8. Destroy All Financial Records You Do Not Wish To Keep. Many identity thefts begin by the criminal going through your trash. Tear up, or preferably shred, all private records, statements, and old credit cards that need discarding. This includes those endless credit card solicitations.
9. Secure Your Mail. Empty your mailbox quickly each day or get a PO Box so thieves can’t get to those credit card solicitations, or the card for that matter, when it comes in the mail. Also, do not put your outgoing mail in your box until morning. Criminals like to take the checks you have written for your bills and wash them. Check washing is a process using common household chemicals that erases the ink you used to write the check, allowing them to rewrite the checks in their names and for thousands of dollars more. Check washing constitutes an epidemic $815 million a year in the U.S. alone (National Check Fraud Center, www.ckfraud.org). If you will be out of town for a couple of days, either arrange for a neighbor to pick up your mail or put a hold on your mail at the post office.
10. Know Who You Are Dealing With. Whenever someone contacts you, do not give out private information over the phone. Simply find out what company they represent and the reason for the call. If the request seems legitimate, contact the company yourself and confirm what you were told before revealing the information. Be sure NOT to use a number or web address the soliciting person gives you over the phone. It could be part of the scam. A little bit of research in looking up the company contact information yourself could save you a lot of work in the end.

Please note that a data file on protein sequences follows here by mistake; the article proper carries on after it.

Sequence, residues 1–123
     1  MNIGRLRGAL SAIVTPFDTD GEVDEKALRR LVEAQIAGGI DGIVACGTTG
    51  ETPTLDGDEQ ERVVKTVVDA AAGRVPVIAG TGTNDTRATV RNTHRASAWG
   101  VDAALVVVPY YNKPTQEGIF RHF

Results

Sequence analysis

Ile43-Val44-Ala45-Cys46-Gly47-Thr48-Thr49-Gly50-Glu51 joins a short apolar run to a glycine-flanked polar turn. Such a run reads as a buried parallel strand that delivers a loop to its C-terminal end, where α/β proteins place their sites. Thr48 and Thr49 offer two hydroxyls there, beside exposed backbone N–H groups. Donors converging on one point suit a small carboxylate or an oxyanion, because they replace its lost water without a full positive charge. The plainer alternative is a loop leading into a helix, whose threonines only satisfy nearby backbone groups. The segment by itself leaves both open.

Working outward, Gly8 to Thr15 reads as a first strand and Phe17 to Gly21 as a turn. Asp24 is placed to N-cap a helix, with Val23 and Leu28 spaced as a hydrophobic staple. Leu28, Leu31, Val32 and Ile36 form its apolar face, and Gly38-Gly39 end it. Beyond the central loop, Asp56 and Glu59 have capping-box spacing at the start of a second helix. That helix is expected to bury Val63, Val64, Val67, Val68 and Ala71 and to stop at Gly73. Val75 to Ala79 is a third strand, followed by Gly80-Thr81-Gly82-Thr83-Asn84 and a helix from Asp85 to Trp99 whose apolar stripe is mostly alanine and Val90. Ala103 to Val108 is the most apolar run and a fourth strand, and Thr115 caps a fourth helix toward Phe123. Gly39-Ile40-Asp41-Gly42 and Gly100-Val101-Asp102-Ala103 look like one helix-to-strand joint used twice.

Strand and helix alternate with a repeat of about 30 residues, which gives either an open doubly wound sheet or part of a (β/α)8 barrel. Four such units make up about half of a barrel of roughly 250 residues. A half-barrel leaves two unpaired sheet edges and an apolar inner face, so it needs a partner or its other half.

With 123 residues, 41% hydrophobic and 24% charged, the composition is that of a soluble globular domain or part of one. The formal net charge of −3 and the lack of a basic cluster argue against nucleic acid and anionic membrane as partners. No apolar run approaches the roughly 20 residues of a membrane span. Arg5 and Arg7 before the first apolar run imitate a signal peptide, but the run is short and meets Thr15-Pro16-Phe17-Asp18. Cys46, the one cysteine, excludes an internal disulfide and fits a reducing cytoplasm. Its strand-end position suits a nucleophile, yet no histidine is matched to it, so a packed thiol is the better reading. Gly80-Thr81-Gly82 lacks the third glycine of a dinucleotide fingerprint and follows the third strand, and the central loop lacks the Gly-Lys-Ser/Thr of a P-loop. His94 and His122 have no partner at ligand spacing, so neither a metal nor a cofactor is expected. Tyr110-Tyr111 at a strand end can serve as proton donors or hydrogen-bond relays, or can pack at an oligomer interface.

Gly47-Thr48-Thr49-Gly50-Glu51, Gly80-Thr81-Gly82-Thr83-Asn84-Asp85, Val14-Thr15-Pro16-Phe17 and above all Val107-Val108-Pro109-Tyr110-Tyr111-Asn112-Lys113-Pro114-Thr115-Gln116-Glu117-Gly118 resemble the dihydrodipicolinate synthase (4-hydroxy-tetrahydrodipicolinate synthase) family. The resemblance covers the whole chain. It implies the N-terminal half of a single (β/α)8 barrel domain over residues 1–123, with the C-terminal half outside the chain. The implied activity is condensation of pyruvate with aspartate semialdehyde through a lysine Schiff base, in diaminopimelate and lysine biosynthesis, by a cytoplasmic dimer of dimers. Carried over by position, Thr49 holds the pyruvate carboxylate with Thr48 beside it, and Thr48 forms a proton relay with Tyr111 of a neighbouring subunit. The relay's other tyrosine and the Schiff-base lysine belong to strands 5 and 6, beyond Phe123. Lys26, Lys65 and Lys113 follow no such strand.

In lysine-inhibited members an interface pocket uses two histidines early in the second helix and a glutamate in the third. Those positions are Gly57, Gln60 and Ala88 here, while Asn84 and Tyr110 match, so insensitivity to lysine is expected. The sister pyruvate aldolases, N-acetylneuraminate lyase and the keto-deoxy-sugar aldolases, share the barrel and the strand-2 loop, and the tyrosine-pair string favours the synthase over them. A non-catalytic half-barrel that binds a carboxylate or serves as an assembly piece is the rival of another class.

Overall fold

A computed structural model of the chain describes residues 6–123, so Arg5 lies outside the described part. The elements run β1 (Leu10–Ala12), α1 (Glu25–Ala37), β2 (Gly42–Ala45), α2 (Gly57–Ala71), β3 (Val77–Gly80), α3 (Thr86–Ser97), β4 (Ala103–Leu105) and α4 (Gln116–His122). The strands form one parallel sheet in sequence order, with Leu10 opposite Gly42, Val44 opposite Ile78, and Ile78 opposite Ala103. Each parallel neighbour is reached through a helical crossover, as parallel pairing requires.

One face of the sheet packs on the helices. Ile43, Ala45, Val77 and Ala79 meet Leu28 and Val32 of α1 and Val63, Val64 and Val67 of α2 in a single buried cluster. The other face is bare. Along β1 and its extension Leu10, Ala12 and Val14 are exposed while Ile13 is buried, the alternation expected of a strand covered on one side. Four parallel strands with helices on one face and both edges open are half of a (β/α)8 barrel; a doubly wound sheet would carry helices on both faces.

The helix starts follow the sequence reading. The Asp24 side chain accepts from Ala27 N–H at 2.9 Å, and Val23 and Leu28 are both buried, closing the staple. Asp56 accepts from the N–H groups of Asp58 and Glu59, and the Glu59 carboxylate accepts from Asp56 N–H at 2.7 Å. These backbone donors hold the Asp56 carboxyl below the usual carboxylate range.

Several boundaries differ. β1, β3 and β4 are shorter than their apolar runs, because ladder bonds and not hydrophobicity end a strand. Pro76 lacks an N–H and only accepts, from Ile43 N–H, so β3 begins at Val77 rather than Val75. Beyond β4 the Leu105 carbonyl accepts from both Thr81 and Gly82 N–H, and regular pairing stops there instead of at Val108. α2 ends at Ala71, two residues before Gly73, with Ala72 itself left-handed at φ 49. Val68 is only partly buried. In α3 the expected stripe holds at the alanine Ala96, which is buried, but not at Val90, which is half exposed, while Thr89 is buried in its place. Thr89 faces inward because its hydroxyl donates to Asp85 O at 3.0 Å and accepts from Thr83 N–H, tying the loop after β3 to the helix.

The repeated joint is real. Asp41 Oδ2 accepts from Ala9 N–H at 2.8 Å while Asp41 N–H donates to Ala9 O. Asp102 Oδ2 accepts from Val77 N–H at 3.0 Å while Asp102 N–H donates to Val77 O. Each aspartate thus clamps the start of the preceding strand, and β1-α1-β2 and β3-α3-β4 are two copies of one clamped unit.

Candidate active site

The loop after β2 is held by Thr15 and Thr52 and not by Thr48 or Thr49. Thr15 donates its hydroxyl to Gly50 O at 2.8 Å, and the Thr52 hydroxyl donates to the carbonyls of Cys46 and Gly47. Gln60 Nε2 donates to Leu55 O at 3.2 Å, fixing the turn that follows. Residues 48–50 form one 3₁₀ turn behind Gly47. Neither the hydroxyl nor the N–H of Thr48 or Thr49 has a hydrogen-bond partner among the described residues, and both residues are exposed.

11. Never Give Out Personal Information Over the Internet. There are some pretty creative criminals who have the ability to create websites that look like the real thing. If you receive an email asking you for personal information, such as: password, maiden names, SS#’s, etc. then beware! This is called Phishing. Credit card companies, banks, Ebay, Paypal, or any other reputable company will never ask you for this information because they already have it. Do not respond to emails stating they need your personal information to update their systems. You can verify any email’s legitimacy by finding the contact information yourself and contacting the company personally.
12. Know How To Safely Utilize the Internet. The internet is a wonderful tool of convenience, but precautions do need to be made. 1). Change your passwords every couple of months; 2). Make sure you have a firewall, especially if you are wireless; 3). If you decide to buy something online make sure the website you are purchasing from is secure. They should have a branding on their site declaring what security software they are utilizing; and, 4). Only use a credit card or PayPal account to make a payment online. Giving anyone online access to your checking account through a debit card is risking disaster as debit cards do not have the same built in protections as credit cards do.
Nothing is fool-proof and despite your best efforts, something may go wrong. If something does go wrong, do the following:
a. Immediately file a report with the local police department where the theft occurred. Timing is vital as identity theft is now being used in committing other crimes and blaming innocent people for it. Get a copy of the police report. Credit card companies may need proof that ID theft has occurred.
b. Contact the fraud departments of each of the three major credit bureaus. Tell them you are a victim of identity theft. Request a “fraud alert” be placed in your file with a statement that creditors call you before opening new accounts or changing current ones.
To Report Fraud:
Equifax: 1-800-525-6285; www.equifax.com; PO Box 740241, Atlanta, GA 30374-0241
Experian: 1-888-EXPERIAN (397-3742; www.experian.com; PO Box 9532, Allen, TX 75013
TransUnion: 1-800-680-7289; www.transunion.com; Fraud Victim Assistance Division, PO Box 6790, Fullerton, CA 92634
c. Contact the Social Security Administration fraud line: 1-800-269-0271
d. Keep copies of all correspondence involving the theft case.
For more information on identity theft and how to prevent it, go to: